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February 20, 1989
"Not So Dependent on Defense"
San Jose Mercury News
By Timothy Taylor
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MANY people are certain there's a strong relationship between defense spending and high technology industry. They just aren't sure whether the relationship is positive or negative.

On one hand, people worry that high levels of U.S. defense spending sop up scarce resources of brainpower and capital, making it harder for the U.S. to compete with Japan in consumer-oriented high technology business.

On the other hand, people worry that if defense spending is cut sharply, high technology enclaves like Silicon Valley or the Route 128 corridor in Massachusetts will suffer a great deal.

So is high technology industry (and Silicon Valley in particular) dependent on high levels of defense spending, or not? Some of the relevant evidence was accumulated by Lynn E. Browne, vice president of the Federal Reserve Bank of Boston, and reported in a recent issue of the New England Economic Review.

The first step is to put together a list of all "defense- dependent industries." With a little work, one can compile a list of 55 industries that sell at least 10 percent of their output to the Defense Department. These range from copper ores (11 percent of output to defense) to explosives (65 percent to defense) to metal forming types of machine tools (15 percent) to aircraft (66 percent) and many others.

Next, one can compile a list of high technology categories, defined as those groups of industries with a high proportion of technology-oriented workers and higher-than-average spending on research and development. This list of industries ranges from those not always seen as high tech -- like agricultural chemicals, pharmaceuticals and petroleum refining -- to industries more familiar to Silicon Valley ears, like office and computing machines, electronic components and measuring instruments.

The two lists overlap somewhat, but not a lot. Only about half of the defense-dependent industries are high-tech industries. Of the 26 broad categories of high technology, only 10 contain some industries that are dependent on defense.

However, Browne notes that many of the industries that are defense-dependent industries today would not have been considered defense-dependent before the increased defense spending of the early 1980s. To investigate the long-term ties between defense and high technology, she created a shorter list of 25 industries that were dependent on defense even during the relatively low defense spending of the Carter presidency. In describing this period, she writes:

"While almost all defense-related industries are high tech, the reverse is not true. Not all high-tech industries are defense related. Most of the chemicals industry is not defense- related. Measuring and controlling instruments and medical instruments are not defense-related. Computers and semiconductors are not defense-related today, even if they were at one time." In short, the people who believe that the high- technology industry is a mere barnacle on a great whale of defense spending are living in the past. In the early 1960s, when 90 percent or more of the semiconductors produced in this country went to the Department of Defense, high tech was certainly dependent on defense.

But today, only about 5 percent of U.S. semiconductor production goes to defense. Whether defense spending was cut by half or raised by half, the chip industry will have to depend on civilian applications.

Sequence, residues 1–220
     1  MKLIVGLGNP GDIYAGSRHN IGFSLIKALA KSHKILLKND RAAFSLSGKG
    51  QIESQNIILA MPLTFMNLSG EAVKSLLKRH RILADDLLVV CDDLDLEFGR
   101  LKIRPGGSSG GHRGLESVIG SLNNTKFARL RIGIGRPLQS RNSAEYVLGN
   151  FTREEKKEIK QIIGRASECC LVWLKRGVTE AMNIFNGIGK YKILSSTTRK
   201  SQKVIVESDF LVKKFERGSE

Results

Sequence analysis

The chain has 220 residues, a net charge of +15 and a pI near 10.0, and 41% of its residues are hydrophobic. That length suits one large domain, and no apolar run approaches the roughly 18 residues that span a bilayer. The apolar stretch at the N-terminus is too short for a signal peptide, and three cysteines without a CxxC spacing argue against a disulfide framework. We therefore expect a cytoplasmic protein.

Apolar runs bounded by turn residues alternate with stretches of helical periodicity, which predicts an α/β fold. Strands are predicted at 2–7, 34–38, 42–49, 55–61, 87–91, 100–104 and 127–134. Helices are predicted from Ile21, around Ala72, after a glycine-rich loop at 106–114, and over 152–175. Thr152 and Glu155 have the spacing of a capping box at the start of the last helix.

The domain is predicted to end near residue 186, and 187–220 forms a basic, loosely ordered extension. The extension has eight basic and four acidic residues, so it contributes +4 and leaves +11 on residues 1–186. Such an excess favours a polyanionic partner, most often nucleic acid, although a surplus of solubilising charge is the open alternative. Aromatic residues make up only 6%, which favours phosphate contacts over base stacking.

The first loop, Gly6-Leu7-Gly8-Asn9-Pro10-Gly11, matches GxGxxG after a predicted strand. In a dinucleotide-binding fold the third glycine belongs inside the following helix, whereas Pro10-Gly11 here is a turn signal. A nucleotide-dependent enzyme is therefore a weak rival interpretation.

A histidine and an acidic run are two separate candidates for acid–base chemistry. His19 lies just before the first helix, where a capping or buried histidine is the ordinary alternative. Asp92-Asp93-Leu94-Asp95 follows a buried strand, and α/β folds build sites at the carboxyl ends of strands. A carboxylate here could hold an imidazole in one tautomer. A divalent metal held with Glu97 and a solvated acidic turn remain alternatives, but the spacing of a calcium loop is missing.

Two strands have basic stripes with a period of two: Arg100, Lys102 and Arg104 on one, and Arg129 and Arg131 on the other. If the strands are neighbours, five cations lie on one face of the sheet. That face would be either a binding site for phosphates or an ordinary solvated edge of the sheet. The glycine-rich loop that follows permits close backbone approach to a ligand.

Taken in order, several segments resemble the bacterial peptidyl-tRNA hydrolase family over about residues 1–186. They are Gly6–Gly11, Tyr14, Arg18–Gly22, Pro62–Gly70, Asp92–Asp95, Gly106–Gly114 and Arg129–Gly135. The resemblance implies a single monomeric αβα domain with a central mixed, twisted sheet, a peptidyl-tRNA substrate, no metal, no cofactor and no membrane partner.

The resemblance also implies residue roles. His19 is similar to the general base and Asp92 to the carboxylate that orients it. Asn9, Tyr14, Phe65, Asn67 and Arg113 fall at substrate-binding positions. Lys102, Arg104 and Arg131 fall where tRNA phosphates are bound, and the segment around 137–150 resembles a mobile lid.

The chart shows how this general lesson applies to Silicon Valley industry. It shows the top 16 manufacturing industries in Santa Clara County, ranked by the value of their shipments, and then categorizes each industry as either high tech or defense dependent, or both.

Twelve of the top 16 industries are high technology, including the top six. However, only two of those 12 high-tech industries are dependent on defense. Nationwide, about 20 percent of the output of the "electronic components" industry is bought for defense purposes, and about 86 percent of the output of the "ordnance and accessories" industries goes to defense.

Most types of high technology industry are simply not dependent on defense, even if they used to be at one time, because the number of civilian applications now far outstrips the number of military ones.

As a result, both of the generalizations at the start of this article are probably wrong. Cutting defense spending might help the U.S. compete with Japan in high technology, but it will only help indirectly, depending on how the saved resources are spent. While lower defense spending would certainly sting some Silicon Valley companies, it isn't likely to injure the overall development of high technology industry.

The connection between defense spending and high technology, for better or worse, is by no means as clear as many people assume.


in millions



Electronic computers $4,335 Yes No
Computer peripheral equipment $2,625 Yes No
Semiconductors, related devices $1,921 Yes No
Electronic components $1,634 Yes Yes
Computer terminals $1,311 Yes No
Electricity-measuring instruments $1,281 Yes No
Motor vehicles, passenger car bodies $926 No No
Telephone, telegraph apparatus $760 Yes No
Canned fruits and vegetables $679 No No
Ordnance and accessories $679 Yes Yes
Dehydrated fruits, vegetables, soups $485 No No
Industrial machinery $326 No No
Pharmaceutical preparations $326 Yes No
Computer storage devices $293 Yes No
Search and navigation equipment $204 Yes No
Measuring and controlling devices $202 Yes No

Sources: Shipments estimates from Sales and Marketing Management, April 25, 1988. High tech and defense dependent columns from New England Economic Review, Sept./Oct. 1988.

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